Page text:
Lecture 10 - Quantitative Aspects

author: Robert Wyman, Department of Molecular, Cellular and Developmental Biology, Yale University
recorded by: Yale University
published: May 14, 2010,   recorded: February 2009,   views: 2784
released under terms of: Creative Commons Attribution No Derivatives (CC-BY-ND)
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Census data is often politically influenced and hence inaccurate. The birthrate in developing countries is nearly twice that in developed countries. Most humans live in less developed countries, so the world birthrate is near the higher number. The world birthrate is two and a half times the death rate; we are not close to population stabilization. Almost everywhere, the death rate has been drastically reduced; further changes will not massively affect demographic trends. Changes in fertility rate now control population. Demographic data must be corrected for age structure. A young population in a poor country will have a lower death rate than an older population in a richer country. Countries with high birthrates and exploding populations will have a high proportion of children. There are more people in each younger age bracket than in older ones. Many more adolescents will come into reproductive ages than older women will leave fertile ages. Fertility per woman is falling in the world, but, since there are ever more childbearers, the number of children born does not drop. Because of this 'momentum,' it can take over 100 years from when fertility falls to replacement level (approximately 2 children per woman) to when population stabilizes. In developing countries, even though fertility has been reduced, population growth often outstrips economic growth. People may give up on modernization and instead, idealize a return to some imagined past that was glorious.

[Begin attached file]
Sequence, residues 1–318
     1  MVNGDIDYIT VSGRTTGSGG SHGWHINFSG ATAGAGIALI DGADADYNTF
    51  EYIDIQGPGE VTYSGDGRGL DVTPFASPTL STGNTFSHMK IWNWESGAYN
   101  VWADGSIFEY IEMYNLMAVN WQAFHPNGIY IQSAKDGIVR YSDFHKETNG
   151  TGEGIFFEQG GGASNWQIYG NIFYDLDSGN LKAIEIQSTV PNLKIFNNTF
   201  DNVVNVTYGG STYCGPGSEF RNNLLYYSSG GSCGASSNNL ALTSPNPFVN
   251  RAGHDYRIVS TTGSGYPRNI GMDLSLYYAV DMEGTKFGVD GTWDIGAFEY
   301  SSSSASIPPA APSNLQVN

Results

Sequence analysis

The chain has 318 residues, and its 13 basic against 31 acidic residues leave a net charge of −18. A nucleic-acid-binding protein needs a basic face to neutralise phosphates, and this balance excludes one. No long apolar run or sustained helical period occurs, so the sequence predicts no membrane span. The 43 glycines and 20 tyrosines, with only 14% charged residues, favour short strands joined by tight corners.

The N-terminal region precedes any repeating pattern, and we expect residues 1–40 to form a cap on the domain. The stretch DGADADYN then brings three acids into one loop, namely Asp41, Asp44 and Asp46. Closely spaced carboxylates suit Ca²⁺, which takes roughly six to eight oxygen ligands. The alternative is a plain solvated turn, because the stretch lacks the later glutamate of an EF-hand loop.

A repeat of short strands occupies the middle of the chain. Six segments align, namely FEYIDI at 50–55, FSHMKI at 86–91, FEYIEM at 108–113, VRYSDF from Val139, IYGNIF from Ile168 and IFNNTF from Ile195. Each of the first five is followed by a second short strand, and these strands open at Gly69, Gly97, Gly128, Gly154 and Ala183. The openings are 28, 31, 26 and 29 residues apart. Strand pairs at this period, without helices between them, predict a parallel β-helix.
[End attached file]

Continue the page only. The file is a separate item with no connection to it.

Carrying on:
Reading assignment:

"Family Portrait: A Clan Keeps on Growing." National Geographic (March 2001)

Weeks, John R. Population: An Introduction to Concepts and Issues, pp. 40-45 and 53-57

Resources: Notes - Lecture 10 [PDF]

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